There was surprise in Miss Ryland's voice.
"Yes, I have seen them--watched them--and I know that the police think" . . .
"Police! What are you talking about--the police?"
Helen looked up with a troubled face.
"The murder!" she began . . .
Miss Ryland dropped into a chair which, fortunately, stood close behind her, with a face suddenly set in an expression of horror. She began to understand, now, a certain restraint, a certain ominous shadow, which she had perceived, or thought she had perceived, in the atmosphere of this home, and in the manner of its occupants.
"My dear girl," she began, and the old nervous, jerky manner showed itself again, momentarily,--"remember that . . . I left Paris by . . . the first train, this morning, and have simply been . . . traveling right up to the present moment." . . .
"Then you have not heard? You don't know that a--murder--has been committed?"
"Murder! Not--not" . . .
"Not any one connected with Mr. Leroux; no, thank God! but it was done in his flat." . . .
Miss Ryland brushed a whisk of straight hair back from her brow with a rough and ungraceful movement.
"My dear," she began, taking a French telegraphic form from her pocket, "you see this message? It's one which reached me at an unearthly hour this morning from Harry Leroux. It was addressed to his wife at my studio; therefore, as her friend, I opened it. Mira Leroux has actually visited me there twice since her marriage--"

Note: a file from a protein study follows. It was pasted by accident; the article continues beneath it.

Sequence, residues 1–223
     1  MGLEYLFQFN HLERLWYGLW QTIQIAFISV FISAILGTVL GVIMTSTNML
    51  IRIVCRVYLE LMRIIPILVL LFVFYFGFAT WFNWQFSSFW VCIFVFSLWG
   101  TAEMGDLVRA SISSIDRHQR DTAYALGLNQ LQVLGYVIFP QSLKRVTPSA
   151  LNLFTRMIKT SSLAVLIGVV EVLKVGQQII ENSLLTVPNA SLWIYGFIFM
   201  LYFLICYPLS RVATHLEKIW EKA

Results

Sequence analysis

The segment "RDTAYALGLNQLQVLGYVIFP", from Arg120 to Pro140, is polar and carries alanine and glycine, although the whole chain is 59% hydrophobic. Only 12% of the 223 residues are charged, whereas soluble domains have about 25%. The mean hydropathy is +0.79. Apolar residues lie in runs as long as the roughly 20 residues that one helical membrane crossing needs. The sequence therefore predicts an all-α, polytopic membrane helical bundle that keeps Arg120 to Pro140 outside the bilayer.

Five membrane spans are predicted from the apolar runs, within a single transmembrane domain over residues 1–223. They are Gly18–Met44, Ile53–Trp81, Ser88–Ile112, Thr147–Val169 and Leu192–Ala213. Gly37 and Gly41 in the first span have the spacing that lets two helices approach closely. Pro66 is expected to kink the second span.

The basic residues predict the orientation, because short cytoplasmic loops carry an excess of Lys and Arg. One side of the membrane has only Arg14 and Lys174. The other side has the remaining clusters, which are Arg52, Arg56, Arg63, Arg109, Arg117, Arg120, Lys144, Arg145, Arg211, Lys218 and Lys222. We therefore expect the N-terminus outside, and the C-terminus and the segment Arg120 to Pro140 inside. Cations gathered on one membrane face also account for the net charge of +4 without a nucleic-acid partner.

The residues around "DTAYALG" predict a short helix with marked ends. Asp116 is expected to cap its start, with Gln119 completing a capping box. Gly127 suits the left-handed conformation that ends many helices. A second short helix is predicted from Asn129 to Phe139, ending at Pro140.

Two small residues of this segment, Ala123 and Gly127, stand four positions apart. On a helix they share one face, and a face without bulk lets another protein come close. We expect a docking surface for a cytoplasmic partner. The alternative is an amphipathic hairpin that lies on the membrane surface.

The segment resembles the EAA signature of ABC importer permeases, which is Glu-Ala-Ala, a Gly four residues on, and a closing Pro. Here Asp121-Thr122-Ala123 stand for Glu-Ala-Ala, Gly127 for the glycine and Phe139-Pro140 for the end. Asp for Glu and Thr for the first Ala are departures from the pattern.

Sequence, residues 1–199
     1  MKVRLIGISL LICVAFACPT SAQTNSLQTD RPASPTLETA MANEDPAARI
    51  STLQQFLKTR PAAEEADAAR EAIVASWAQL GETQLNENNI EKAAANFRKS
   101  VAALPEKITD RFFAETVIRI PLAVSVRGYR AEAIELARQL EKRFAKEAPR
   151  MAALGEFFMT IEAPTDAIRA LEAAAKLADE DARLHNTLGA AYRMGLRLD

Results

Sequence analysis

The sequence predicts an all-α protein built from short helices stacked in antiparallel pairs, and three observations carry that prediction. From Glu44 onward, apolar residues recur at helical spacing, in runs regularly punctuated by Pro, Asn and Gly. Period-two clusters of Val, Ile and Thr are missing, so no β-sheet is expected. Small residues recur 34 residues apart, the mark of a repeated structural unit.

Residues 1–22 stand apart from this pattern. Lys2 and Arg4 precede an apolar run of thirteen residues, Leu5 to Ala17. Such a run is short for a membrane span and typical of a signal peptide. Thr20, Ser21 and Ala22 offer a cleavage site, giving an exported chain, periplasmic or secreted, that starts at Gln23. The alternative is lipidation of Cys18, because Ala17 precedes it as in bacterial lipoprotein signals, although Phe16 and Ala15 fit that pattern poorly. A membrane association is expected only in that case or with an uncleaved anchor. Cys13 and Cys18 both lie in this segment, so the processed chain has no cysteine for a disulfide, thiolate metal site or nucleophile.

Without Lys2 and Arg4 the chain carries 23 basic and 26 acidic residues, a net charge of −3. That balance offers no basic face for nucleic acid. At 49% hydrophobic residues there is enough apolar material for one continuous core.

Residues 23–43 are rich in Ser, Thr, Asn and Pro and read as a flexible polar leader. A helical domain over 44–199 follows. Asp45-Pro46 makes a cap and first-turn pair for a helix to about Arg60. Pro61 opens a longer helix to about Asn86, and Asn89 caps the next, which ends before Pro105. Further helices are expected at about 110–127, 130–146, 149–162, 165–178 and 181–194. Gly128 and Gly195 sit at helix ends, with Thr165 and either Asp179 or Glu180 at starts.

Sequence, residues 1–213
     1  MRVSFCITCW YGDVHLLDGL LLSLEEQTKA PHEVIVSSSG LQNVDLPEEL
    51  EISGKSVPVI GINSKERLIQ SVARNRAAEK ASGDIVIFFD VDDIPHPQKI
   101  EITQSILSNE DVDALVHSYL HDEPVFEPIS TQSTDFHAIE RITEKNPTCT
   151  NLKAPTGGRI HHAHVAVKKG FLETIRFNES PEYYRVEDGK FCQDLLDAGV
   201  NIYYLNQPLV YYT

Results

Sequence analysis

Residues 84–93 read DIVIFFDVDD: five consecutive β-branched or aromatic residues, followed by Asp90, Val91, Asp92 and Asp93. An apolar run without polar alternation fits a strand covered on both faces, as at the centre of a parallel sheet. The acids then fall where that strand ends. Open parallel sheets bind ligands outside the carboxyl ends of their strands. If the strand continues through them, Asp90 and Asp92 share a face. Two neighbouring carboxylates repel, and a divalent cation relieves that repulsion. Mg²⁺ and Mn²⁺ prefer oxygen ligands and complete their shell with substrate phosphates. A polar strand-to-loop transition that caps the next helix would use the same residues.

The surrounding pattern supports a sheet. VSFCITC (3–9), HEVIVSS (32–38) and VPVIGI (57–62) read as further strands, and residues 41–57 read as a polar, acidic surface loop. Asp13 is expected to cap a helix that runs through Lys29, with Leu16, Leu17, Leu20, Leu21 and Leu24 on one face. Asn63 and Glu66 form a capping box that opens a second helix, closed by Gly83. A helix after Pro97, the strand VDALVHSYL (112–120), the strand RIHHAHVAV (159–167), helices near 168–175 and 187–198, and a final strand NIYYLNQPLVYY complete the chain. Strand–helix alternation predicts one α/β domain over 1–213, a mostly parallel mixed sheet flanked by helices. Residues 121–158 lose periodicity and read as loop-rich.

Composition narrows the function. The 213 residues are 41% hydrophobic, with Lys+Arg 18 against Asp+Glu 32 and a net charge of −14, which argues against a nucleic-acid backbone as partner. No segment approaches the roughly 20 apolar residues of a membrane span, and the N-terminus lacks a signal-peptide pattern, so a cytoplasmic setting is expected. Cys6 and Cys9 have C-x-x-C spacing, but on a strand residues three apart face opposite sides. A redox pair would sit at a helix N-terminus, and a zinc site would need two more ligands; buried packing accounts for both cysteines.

"Twice!" Helen rose slowly to her feet, with horrified eyes fixed upon the speaker.
"Twice I said! I have not seen her, and have rarely heard from her, for nearly twelve months, now! Therefore I packed up post- haste and here I am! I came to you, because, from what little I have heard of you, and of your father, I judged you to be the right kind of friends to consult." . . .
"You have not seen her for twelve months?"
Helen's voice was almost inaudible, and she was trembling dreadfully.
"That's a fact, my dear. And now, what are we going to tell Harry Leroux?"
It was a question, the answer to which was by no means evident at a glance; and leaving Helen Cumberly face to face with this new and horrible truth which had brought Denise Ryland hotfoot from Paris to London, let us glance, for a moment, into the now familiar room of Detective-Inspector Dunbar at Scotland Yard.